The grand jury has decided against bringing in a criminal indictment against police officer Darren Wilson in the shooting of Michael Brown on August 9.
The question of who should get to decide whether a case should go to trial for a criminal offense is an important one. We do not want to clog up the courts with cases that should never have been brought but at the same time we need to ensure that people do not escape prosecution because officials in the legal system and law enforcement were protecting them. Grand juries (called such because they consist of a much larger group of people than regular juries) are one of the means that prosecutors use to decide if there is enough evidence to bring a case.
The Fifth Amendment to the US Constitution says that “No person shall be held to answer for a capital, or otherwise infamous crime, unless on a presentment or indictment of a grand jury, except in cases arising in the land or naval forces, or in the militia, when in actual service in time of war or public danger”. Using a grand jury to decide whether an indictment should be issued is something that is apparently unique to the US, at least at the current time.
A grand jury operates in secret and the prosecutor who convenes it has great power to control its outcome and such juries almost always bring in an indictment.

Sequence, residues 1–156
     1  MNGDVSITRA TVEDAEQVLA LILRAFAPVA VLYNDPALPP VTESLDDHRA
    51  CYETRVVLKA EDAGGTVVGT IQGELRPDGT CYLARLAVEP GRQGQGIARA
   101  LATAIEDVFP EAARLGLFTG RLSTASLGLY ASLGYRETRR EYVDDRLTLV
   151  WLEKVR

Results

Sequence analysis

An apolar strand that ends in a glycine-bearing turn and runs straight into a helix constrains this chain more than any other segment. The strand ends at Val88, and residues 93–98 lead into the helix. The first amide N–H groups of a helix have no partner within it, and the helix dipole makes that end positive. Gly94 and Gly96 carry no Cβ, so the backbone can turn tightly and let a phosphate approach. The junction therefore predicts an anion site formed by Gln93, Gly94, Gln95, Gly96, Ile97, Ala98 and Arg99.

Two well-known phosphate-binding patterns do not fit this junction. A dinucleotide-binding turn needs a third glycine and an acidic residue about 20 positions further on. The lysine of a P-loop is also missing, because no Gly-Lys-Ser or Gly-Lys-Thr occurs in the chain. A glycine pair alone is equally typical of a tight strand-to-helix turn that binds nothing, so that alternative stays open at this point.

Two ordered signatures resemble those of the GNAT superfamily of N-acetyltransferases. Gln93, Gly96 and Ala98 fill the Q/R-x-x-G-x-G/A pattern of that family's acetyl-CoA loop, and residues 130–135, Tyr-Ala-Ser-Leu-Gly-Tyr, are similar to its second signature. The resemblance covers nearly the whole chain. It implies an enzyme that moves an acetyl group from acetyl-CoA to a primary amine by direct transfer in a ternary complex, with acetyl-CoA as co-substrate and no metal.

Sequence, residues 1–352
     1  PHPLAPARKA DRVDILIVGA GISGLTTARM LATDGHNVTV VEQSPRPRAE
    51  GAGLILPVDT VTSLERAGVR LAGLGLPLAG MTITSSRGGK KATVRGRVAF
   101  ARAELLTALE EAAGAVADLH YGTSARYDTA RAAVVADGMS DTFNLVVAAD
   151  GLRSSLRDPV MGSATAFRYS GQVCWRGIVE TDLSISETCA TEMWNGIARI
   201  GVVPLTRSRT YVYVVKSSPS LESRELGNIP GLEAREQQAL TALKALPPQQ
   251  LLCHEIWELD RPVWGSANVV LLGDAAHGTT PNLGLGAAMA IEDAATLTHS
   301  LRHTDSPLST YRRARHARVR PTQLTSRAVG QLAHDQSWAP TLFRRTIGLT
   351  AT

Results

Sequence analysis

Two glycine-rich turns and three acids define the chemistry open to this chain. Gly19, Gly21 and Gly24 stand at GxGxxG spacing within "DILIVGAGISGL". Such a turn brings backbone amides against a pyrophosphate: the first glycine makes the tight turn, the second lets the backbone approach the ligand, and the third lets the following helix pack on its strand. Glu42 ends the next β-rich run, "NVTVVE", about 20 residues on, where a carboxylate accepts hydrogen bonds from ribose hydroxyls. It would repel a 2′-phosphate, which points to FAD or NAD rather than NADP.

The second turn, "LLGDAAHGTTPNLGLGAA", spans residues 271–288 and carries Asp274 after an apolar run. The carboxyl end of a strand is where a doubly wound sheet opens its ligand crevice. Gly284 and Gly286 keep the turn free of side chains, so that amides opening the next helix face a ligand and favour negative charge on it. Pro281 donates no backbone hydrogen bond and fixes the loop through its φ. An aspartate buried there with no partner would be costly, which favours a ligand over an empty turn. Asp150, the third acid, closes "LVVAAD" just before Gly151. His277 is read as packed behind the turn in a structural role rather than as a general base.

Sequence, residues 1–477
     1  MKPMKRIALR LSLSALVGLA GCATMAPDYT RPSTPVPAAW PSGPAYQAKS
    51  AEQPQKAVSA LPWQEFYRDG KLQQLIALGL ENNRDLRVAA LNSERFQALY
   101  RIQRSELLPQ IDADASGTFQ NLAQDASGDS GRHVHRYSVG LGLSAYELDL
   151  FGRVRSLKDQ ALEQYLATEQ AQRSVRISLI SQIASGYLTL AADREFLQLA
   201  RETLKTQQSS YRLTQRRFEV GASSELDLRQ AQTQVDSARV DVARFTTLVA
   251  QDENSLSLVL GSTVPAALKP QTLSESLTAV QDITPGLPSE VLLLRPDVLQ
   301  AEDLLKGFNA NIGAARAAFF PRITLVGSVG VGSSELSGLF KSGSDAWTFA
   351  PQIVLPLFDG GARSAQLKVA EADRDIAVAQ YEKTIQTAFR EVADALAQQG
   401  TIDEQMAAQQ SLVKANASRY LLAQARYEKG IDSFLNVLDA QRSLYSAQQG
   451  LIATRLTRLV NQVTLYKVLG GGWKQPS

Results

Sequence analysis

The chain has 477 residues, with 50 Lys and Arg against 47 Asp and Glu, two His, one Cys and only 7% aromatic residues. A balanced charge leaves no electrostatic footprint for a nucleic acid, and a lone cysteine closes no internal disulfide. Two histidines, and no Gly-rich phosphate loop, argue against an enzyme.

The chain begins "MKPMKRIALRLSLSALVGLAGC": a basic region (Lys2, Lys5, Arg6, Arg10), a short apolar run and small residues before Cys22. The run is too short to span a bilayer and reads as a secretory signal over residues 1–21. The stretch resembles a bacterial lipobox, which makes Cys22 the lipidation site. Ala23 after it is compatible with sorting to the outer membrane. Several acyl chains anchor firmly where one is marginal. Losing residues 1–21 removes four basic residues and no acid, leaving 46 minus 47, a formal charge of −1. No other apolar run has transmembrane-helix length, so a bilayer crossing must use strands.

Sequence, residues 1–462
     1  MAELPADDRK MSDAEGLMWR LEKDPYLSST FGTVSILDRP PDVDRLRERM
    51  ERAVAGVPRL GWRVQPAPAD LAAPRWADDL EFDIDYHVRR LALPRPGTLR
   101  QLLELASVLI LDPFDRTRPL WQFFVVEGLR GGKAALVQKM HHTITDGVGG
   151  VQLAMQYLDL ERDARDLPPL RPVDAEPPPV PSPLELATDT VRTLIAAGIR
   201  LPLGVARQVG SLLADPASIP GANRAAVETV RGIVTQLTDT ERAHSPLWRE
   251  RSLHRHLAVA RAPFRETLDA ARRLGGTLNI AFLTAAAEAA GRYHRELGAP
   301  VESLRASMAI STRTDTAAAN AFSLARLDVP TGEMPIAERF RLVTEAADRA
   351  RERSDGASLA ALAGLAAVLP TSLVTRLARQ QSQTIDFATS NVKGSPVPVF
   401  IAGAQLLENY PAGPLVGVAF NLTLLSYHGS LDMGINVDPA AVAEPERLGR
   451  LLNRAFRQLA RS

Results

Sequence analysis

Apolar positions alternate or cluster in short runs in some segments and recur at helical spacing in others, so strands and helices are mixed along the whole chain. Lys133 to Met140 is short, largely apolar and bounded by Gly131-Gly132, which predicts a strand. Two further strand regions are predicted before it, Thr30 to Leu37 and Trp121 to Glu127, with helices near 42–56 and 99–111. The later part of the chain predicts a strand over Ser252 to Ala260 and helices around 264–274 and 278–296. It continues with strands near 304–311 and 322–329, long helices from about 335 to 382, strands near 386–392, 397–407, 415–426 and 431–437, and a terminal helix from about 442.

Former New York state Chief Judge Sol Wachtler famously remarked that a prosecutor could persuade a grand jury to “indict a ham sandwich.” The data suggests he was barely exaggerating: According to the Bureau of Justice Statistics, U.S. attorneys prosecuted 162,000 federal cases in 2010, the most recent year for which we have data. Grand juries declined to return an indictment in 11 of them.
Wilson’s case was heard in state court, not federal, so the numbers aren’t directly comparable. Unlike in federal court, most states, including Missouri, allow prosecutors to bring charges via a preliminary hearing in front of a judge instead of through a grand jury indictment. That means many routine cases never go before a grand jury. Still, legal experts agree that, at any level, it is extremely rare for prosecutors to fail to win an indictment.
“If the prosecutor wants an indictment and doesn’t get one, something has gone horribly wrong,” said Andrew D. Leipold, a University of Illinois law professor who has written critically about grand juries. “It just doesn’t happen.”
Cases involving police shootings, however, appear to be an exception.
It is unfortunate that St. Louis County prosecutor Robert McCulloch chose the secret grand jury system to decide whether to indict in this case instead of preliminary hearings that are public because if ever a case cried out for maximum transparency, this one did, because of the intense emotions it generated. Recall that the original reason that Brown was stopped by Wilson was for jaywalking. How a trivial offense like that could escalate into Brown ending up dead will be debated for a long time and once more argues for the police to wear bodycams at all times.
From the beginning, McCulloch was suspected of not wanting to indict and calling for secret grand jury hearings only reinforced the suspicion that the fix was in. The voluminous transcript of the grand jury hearings beginning on August 20, 2014 have been released and many people will undoubtedly pore over them to see whether the evidence presented to the jurors was accurate or biased to produce a desired outcome. This is going to take some time.